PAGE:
What has helped me

I then became part of the Carers Trust and Quilter steering group which was life-changing. I was able through the group to meet other young adult carers on Zoom during the pandemic. Through this group I was able to help shape ideas for Carers Trust and develop ideas on how to better support young adult carers and express experiences through podcasts, blogs and social media and meet MPs among many experiences. A video I made was seen by a major donor and ambassador of the charity who asked to help fund counselling for me, I was so moved to be supported in this unexpected act of kindness it gave me hope, the councillor is a wonderful person who has allowed me to have a monthly session this has been a lifeline. Without counselling and opportunities to raise awareness like this blog, I would feel incredibly alone. Another opportunity that arose directly from being a part of the Carers Trust steering group was being asked to be the youngest trustee at Carers Support Wiltshire. Thanks to these experiences I built the confidence and skills to pursue a career in the charity sector and give back when I have received a lot.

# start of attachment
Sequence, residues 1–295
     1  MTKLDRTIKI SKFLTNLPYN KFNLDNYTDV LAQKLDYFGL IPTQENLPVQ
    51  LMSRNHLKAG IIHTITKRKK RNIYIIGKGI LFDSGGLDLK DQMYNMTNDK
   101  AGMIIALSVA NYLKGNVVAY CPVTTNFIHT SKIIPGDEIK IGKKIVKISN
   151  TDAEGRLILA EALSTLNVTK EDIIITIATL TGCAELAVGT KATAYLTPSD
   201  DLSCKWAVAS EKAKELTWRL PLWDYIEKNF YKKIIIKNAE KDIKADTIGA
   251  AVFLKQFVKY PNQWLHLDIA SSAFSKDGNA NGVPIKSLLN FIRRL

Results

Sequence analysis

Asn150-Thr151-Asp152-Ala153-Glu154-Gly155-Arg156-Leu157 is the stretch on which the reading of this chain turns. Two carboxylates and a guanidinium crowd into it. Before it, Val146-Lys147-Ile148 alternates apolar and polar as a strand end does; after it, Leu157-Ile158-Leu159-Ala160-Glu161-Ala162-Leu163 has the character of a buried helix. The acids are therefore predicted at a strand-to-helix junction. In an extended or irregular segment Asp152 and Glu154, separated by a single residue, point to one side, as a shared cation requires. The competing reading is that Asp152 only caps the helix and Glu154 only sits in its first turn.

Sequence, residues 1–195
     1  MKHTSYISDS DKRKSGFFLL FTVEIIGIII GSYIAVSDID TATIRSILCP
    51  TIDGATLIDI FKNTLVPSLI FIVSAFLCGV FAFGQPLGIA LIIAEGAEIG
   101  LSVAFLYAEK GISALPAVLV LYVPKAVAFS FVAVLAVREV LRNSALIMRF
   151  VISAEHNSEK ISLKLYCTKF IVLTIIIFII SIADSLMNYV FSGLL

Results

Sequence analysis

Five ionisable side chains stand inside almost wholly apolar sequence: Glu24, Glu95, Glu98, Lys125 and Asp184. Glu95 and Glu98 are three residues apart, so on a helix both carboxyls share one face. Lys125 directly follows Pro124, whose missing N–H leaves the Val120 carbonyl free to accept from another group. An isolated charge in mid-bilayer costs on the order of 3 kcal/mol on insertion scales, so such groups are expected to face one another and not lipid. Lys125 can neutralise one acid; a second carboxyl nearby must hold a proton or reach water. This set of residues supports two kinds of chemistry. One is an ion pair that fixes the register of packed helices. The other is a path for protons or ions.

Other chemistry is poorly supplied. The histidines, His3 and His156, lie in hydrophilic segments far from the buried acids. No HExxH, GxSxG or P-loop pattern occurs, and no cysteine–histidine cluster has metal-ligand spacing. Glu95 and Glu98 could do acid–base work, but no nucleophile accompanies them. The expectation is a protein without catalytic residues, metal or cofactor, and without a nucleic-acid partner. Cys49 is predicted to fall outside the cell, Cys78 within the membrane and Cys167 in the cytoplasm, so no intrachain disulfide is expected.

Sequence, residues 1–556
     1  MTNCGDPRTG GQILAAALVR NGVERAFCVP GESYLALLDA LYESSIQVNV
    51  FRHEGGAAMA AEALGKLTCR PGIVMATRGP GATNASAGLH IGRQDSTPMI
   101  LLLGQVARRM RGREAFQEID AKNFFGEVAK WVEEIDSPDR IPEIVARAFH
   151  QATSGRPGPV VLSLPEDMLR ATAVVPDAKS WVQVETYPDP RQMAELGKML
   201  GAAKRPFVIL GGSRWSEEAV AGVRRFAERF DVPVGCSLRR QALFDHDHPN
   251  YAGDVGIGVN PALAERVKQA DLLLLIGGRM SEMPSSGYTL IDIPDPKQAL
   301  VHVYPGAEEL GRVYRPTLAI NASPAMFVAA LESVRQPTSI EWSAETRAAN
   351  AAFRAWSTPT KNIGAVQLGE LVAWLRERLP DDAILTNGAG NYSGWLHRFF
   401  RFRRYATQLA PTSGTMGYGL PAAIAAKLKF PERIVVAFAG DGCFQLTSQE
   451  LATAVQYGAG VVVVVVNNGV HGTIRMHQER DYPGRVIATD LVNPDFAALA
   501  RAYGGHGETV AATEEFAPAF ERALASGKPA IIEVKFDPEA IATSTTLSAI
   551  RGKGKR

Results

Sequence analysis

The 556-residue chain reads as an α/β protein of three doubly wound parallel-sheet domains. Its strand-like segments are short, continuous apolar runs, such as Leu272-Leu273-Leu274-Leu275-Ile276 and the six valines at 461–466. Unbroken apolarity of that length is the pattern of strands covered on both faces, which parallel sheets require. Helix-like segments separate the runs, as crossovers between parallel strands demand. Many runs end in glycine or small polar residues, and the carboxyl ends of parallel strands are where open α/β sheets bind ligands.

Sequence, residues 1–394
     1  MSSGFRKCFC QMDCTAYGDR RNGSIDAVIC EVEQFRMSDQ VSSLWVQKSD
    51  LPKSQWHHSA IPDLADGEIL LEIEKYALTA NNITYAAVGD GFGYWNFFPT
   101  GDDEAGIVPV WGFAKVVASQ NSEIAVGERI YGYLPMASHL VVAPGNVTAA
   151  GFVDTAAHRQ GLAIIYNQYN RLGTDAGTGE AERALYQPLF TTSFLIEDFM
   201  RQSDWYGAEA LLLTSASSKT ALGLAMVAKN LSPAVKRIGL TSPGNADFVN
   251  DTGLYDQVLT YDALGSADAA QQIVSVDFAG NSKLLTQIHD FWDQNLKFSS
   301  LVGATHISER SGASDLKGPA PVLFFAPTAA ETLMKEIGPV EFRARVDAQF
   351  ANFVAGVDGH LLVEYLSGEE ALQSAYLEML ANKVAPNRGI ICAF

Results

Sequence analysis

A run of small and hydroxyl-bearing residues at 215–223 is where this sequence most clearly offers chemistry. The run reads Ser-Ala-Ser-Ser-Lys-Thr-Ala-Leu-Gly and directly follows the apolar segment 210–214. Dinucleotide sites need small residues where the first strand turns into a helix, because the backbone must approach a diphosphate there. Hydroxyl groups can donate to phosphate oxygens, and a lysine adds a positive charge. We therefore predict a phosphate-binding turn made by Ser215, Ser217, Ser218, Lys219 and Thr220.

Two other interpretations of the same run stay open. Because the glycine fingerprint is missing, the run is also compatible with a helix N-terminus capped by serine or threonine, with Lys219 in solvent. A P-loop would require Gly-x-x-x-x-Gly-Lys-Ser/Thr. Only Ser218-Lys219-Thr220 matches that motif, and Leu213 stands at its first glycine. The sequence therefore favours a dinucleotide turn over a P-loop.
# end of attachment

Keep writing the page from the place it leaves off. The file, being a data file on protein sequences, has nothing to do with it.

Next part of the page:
The reality of mental illness

Recently, my mother’s health deteriorated rapidly leading to incidents where due to her illness she ended up in situations that put her at risk that could have risked her life. It caused me so much anxiety and I felt and continue to feel helpless. This is partly because there weren’t beds available in mental health wards. My father and I were looking after my very vulnerable and unwell mother and didn’t have the resources to prevent a crisis from happening despite watching her and being there to support her, we were aware things could escalate badly and it did. She went missing due to her illness making her very paranoid but luckily after alerting the police, she was found and eventually was given a bed in a mental health ward, though not close to us.

It is incredibly difficult knowing that it takes several crises to happen before something can be done and my mother can be admitted to hospital, only after there is increased risk to the patient or others and not before crisis point. This experience, from even before the start of a crisis, with the build-up of stress from maintaining a stable situation with someone who is never far from the edge of illness to the beginnings of a crisis, to it happening and in my family’s case recently and in the past not knowing whether she will survive during a crisis to hospitalisation which takes months (the longest for my mother just under a year) takes an enormous toll.